Our old house was once again empty as of June 30. After our tenants moved out, I found I not only needed to touch up the painted walls inside, but a stroll through the back gardens showed that my left-behind plants were seriously suffering from neglect. And realistically, that was not surprising – not everyone loves gardening as much as I do, and even an avid gardener isn’t necessarily going to appreciate my plant choices, or understand all the quirks that come with gardening beneath greedy, thirsty maple trees in thin clay soil and very hard, high pH water. It took me several years of trial-and-error to figure out what worked, and my plant ranks suffered many casualties along the way.
I reluctantly made the decision to move some of the plants while we were between renters and give the beds a fresh coat of mulch for the new tenants. Moving plants is always stressful on them, but conventional wisdom says the best time to transplant is in the spring or fall…either before the plant breaks dormancy or as it is drifting off for a long winter’s nap.
Obviously, July is neither spring nor fall. In fact, it is quite possibly the worst possible time to uproot and move plants around – they need all their strength just to withstand the rigors of high heat and dry conditions that July is notorious for. But it was a “now or never” window of opportunity: No matter what arrangements we made at lease signing, I wouldn’t have felt right expecting new tenants to welcome me and my trusty shovel in September, and at the rate the plants were declining, I wasn’t sure they could hold on that long even if I did. As it turned out, we had it rented just two weeks after it was vacated.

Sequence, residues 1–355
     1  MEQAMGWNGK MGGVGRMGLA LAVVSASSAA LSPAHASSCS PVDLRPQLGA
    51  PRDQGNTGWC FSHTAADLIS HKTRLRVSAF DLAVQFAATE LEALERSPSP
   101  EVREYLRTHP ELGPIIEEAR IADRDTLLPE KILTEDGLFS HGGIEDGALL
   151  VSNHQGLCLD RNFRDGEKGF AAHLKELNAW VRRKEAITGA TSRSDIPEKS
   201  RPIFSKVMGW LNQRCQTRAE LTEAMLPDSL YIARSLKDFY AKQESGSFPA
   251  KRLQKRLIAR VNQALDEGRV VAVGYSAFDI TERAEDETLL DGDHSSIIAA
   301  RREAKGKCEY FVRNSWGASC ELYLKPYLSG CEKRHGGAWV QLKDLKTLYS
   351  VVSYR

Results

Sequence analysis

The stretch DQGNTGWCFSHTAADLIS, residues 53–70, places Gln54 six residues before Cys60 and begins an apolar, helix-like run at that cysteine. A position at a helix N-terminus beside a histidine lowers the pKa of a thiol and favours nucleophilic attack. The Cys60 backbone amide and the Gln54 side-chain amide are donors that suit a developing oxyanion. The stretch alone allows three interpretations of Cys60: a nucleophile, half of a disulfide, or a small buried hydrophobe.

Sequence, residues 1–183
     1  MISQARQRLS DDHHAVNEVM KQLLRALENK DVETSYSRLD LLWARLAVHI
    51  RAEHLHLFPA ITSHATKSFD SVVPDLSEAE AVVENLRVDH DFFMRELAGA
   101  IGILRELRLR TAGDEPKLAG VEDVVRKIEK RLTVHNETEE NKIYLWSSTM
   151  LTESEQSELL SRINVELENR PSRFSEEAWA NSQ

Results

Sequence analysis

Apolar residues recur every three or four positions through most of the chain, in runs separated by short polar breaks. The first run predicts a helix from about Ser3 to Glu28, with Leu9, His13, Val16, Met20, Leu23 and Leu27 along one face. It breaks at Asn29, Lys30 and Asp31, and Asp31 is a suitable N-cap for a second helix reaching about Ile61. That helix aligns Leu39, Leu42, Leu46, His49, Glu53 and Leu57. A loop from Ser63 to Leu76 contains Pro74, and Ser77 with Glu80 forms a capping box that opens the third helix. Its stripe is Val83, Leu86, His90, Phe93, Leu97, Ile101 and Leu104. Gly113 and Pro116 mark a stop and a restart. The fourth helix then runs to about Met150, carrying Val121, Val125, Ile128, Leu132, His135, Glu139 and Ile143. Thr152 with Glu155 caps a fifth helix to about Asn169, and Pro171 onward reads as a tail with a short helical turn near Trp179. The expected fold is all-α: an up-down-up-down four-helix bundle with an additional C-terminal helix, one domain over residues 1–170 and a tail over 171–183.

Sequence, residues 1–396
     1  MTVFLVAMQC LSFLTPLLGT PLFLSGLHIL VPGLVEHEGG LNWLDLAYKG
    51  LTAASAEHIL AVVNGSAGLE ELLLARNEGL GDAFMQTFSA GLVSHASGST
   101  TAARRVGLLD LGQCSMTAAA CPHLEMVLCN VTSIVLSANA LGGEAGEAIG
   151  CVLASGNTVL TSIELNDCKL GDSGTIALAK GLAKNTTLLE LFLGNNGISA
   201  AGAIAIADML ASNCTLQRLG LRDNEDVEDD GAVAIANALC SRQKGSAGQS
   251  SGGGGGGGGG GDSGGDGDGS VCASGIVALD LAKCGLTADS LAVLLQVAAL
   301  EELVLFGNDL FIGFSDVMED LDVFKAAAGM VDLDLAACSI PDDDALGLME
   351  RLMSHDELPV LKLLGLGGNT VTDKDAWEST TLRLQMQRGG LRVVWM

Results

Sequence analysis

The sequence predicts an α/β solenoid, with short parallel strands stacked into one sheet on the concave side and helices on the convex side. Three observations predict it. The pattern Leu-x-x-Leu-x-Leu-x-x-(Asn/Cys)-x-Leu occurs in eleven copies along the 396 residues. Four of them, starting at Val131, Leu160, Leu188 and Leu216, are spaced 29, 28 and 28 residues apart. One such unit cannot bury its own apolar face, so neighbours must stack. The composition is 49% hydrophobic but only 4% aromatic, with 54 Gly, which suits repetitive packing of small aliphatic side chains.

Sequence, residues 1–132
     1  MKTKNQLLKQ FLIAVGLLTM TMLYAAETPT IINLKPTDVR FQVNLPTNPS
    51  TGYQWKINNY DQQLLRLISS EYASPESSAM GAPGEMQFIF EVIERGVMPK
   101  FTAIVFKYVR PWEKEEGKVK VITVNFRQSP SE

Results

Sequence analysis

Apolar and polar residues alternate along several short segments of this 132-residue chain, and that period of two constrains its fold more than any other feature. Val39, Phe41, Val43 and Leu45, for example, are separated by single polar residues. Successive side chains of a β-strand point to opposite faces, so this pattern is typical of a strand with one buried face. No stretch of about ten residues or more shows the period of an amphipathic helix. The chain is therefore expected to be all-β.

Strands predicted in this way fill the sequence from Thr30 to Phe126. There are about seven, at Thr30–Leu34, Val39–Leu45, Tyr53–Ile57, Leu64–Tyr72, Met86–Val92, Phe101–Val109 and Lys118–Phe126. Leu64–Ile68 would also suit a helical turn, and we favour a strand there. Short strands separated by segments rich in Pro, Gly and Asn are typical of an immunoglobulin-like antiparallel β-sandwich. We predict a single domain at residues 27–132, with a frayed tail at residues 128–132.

And so, in the middle of the month that is in the middle of summer and in the midst of extreme heat and drought, I spent an overcast but extremely humid Saturday morning digging up dozens of plants: hydrangeas, peonies, hellebores, hostas, heucheras, a prized Brunnera ‘Jack Frost’ and some pulmonarias and even a bag full of variegated Solomon’s seal roots (the plants had gone completely deciduous due to the extreme temperatures and dry spell.)
I tagged and bagged and hauled them all home, set them in the shade and began the process of putting them into new surroundings with as much rich, moist amended soil as I could muster. Since I was digging and moving, I thought I’d bite the bullet and move three randomly planted peonies from this property, and create double borders along eastern fence, with hydrangeas on one side of the gate, and a double-row of peonies along the other. The photo gallery shows the ugly truth about moving plants under these conditions. These were taken yesterday, two weeks after the plants were moved. They will not win any beauty prizes this year, but if I can keep them hydrated and we have a typical fall and winter, I’m hopeful of their chances for survival.
You may see them as lost causes, but when I look at them, I see the potential for them flourishing once again under the watchful eye of the one who hand-chose nearly all of them for her garden, once upon a time.
and see how they are growing and filling in, just a couple months later:
If a fellow gardener or homeowner asked me for advice, I would tell them to do as I say and not as I did, unless they were in similarly dire straits. Even with a lot of TLC, I’m sure these plants are going to take a few years to fully recover from this ill-timed move and I may lose a few of them. But fortunately for us, plants are resilient and forgiving, so take courage and transplant your plants, but preferably in months that have R’s in them.